Alas, the unthinkable has happened: your cat has decided to roll around in poop, splash around in a mud puddle or get on the wrong side of a skunk. He needs a bath, pronto — but how do you bathe a cat without ending up in a bloodbath?
Few cats enjoy bathtime, but with the right techniques and a lot of patience, you can make it more tolerable for your filthy feline. And, yes, it can be done without you getting scratched to bits!
Follow our step-by-step guide to bathe your cat without the pain, struggle and dread we all associate with feline bathtime.
The Best Way to Bathe Your Cat
Before Beginning: Try to Prepare in Advance
A bit of routine grooming and a healthy dose of good vibes will go a long way towards making your cat’s bathtime easier when the need arises.
Keeping your cat’s claws trimmed to a reasonable length will protect you from his wrath when he sees that basin of water. You can purchase kitty nail clippers from a pet store or, if you’d prefer to leave it to the professionals, visit a vet or groomer to get the job done.
Brush your cat to get him used to your touch on various parts of his body and to remove any loose fur, dirt, debris or tangles that make bathing harder.
Of course, if your cat gets into something stinky and needs an immediate bath, you can’t really prepare in advance. But if his bath isn’t urgent, taking a few days to prepare for the big event will make him — and you— more comfortable.
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Step 1: Assemble Your Tools
You’ll need several items to bathe your cat: a brush, shampoo, towels and a cup or small watering can (for rinsing your cat).
Keep your tools within reach so you can focus on the bath.
Step 2: Fill the Tub
Fill your bathtub with 3-5 inches of warm (not hot) water. You’ll want to get the water close to 102 degrees F — a cat’s body temperature — to prevent chills and burns.
If you don’t have a bathtub, you can use a large, shallow basin, your kitchen sink or even a kiddie pool.
Step 3: Calm Your Cat — and Yourself
Cats pick up on human moods extremely well, so if you’re nervous about bathtime, your cat will be, too. So take a few deep breaths and spend a few minutes enjoying some calm, pleasant time with your cat.
Now is a great time for the pre-bath brushing, which many cats find soothing. Get his fur nice and smooth and talk to him sweetly while doing so.
If you have a feline pheromone diffuser like Feliway, you can activate it now for an even bigger relaxation boost.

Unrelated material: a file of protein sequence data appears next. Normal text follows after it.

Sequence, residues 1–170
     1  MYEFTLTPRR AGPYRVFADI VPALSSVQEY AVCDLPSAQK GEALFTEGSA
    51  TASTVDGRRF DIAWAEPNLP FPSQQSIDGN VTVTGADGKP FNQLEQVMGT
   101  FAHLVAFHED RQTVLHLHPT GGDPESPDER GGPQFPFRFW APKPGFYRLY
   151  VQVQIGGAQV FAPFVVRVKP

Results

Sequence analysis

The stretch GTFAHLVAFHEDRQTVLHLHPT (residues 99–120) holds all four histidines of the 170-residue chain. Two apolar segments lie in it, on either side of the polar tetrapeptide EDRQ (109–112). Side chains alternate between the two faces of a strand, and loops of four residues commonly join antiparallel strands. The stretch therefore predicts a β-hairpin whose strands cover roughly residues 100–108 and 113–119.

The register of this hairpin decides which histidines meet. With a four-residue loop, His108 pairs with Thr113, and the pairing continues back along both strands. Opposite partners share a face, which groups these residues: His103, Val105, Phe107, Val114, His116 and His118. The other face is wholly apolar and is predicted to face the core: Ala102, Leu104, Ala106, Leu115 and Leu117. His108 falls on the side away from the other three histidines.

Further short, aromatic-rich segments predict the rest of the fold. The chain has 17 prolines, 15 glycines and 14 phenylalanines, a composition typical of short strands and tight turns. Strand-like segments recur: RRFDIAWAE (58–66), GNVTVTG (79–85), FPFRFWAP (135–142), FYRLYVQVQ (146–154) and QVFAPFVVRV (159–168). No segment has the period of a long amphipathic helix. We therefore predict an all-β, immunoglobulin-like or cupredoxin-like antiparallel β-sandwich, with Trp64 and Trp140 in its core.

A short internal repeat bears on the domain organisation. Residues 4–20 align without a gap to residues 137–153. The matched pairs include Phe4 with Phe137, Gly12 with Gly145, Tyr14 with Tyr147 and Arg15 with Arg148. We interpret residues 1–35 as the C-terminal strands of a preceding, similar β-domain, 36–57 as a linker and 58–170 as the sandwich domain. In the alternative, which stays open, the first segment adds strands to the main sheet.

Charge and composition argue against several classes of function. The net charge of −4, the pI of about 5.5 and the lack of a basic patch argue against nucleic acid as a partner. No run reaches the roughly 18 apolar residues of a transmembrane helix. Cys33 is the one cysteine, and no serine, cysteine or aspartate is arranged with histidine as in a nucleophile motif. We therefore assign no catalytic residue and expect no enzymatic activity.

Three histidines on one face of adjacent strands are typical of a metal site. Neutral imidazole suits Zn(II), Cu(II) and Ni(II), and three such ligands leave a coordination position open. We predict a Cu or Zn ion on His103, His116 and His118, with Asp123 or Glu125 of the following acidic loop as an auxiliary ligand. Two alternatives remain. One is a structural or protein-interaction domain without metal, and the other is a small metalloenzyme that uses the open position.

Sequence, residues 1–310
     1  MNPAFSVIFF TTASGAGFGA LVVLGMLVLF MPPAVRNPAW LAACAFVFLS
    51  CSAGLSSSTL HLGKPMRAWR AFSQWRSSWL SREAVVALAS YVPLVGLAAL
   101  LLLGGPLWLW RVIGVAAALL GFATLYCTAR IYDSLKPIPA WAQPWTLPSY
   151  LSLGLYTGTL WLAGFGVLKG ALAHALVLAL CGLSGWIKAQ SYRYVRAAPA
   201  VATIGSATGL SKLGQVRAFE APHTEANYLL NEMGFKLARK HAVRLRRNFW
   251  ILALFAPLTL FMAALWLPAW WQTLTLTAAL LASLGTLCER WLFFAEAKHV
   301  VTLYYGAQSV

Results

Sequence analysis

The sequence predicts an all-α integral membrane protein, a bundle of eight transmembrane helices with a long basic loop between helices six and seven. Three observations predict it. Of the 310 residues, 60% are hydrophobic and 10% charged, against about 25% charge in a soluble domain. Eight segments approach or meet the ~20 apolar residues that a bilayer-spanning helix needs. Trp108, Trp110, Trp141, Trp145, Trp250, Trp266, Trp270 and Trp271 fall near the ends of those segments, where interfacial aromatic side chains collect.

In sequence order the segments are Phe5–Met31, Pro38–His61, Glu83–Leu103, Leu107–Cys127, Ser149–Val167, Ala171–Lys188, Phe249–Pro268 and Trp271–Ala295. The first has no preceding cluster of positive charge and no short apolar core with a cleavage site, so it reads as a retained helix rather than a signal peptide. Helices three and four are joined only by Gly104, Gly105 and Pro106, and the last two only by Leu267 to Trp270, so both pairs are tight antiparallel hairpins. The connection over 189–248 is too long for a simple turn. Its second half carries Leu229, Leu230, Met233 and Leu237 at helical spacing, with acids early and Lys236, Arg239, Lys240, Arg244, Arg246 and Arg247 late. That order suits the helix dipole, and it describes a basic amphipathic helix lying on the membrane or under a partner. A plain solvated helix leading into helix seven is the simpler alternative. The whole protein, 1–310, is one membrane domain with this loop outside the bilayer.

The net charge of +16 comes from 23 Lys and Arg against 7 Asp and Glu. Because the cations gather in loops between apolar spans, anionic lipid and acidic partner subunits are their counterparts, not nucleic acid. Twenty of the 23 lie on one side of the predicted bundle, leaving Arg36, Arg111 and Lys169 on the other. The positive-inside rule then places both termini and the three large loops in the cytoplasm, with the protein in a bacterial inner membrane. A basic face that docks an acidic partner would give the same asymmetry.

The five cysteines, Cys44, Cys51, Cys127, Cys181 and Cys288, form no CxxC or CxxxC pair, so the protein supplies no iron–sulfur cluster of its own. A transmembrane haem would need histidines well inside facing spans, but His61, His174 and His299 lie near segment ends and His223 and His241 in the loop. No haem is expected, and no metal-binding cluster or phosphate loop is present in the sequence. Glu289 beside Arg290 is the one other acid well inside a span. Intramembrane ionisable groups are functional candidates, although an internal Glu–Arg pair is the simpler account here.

And if he’ll allow you to, gently place a cotton ball in each of his ears to keep water out of them.
The secret here is to fake it ’til you make it: if you act like everything will be just fine, you’ll convince your cat of it, too.
Step 4: Take the Plunge
Now for the most dreaded part of the process: getting your cat into the tub.
Carry your cat into the bathroom and close the door behind you. Then gently lower your cat into the water.
There will likely be a struggle, but stay calm and don’t fight your cat. If he’s squirming so much that you can’t get him into the water, you may need to try another day.
Your cat may not want to have all four feet in the water. If that’s the case, let him stand with two feet on the edge of the tub, ideally facing the wall, and hold him in place.
Once your cat is in the water, a firm but gentle grip will usually keep him still enough to bathe him. If not, you can try putting him in a harness, which allows you to get a good grip on your cat without hurting him.
Step 5: Lather Up and Rinse
Forceful running water from a faucet or showerhead is likely to scare your cat, so use a cup or small watering can instead. Fill the cup or can and pour the water gently over your cat’s body, avoiding his face and ears.
Shampoo your cat with a gentle rubbing motion in the direction of fur growth. Act like you’re petting him to make him feel more secure and avoid going against the grain of his hair.
Then fill the cup or watering can again and rinse the shampoo off thoroughly. You’re done when the water runs clear off your cat.
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Step 6: Dry Your Cat Off
The hardest part is over! All that’s left to do is dry your cat off.
Lay a towel out on the floor, lift your cat out of the tub and place him on the towel. With another towel, blot the water from his fur.
Once he’s no longer dripping wet, quickly wrap the towel he’s sitting on around him to swaddle him. Dry him off by massaging his body through the towel.
If he’ll tolerate it, you can also dry your cat off with a hair dryer set to “warm” (never hot!) and a brush or comb.
Finally, give your cat a couple of treats — he earned them!
"In ancient times cats were worshipped as gods; they have not forgotten this."
-- Terry Pratchett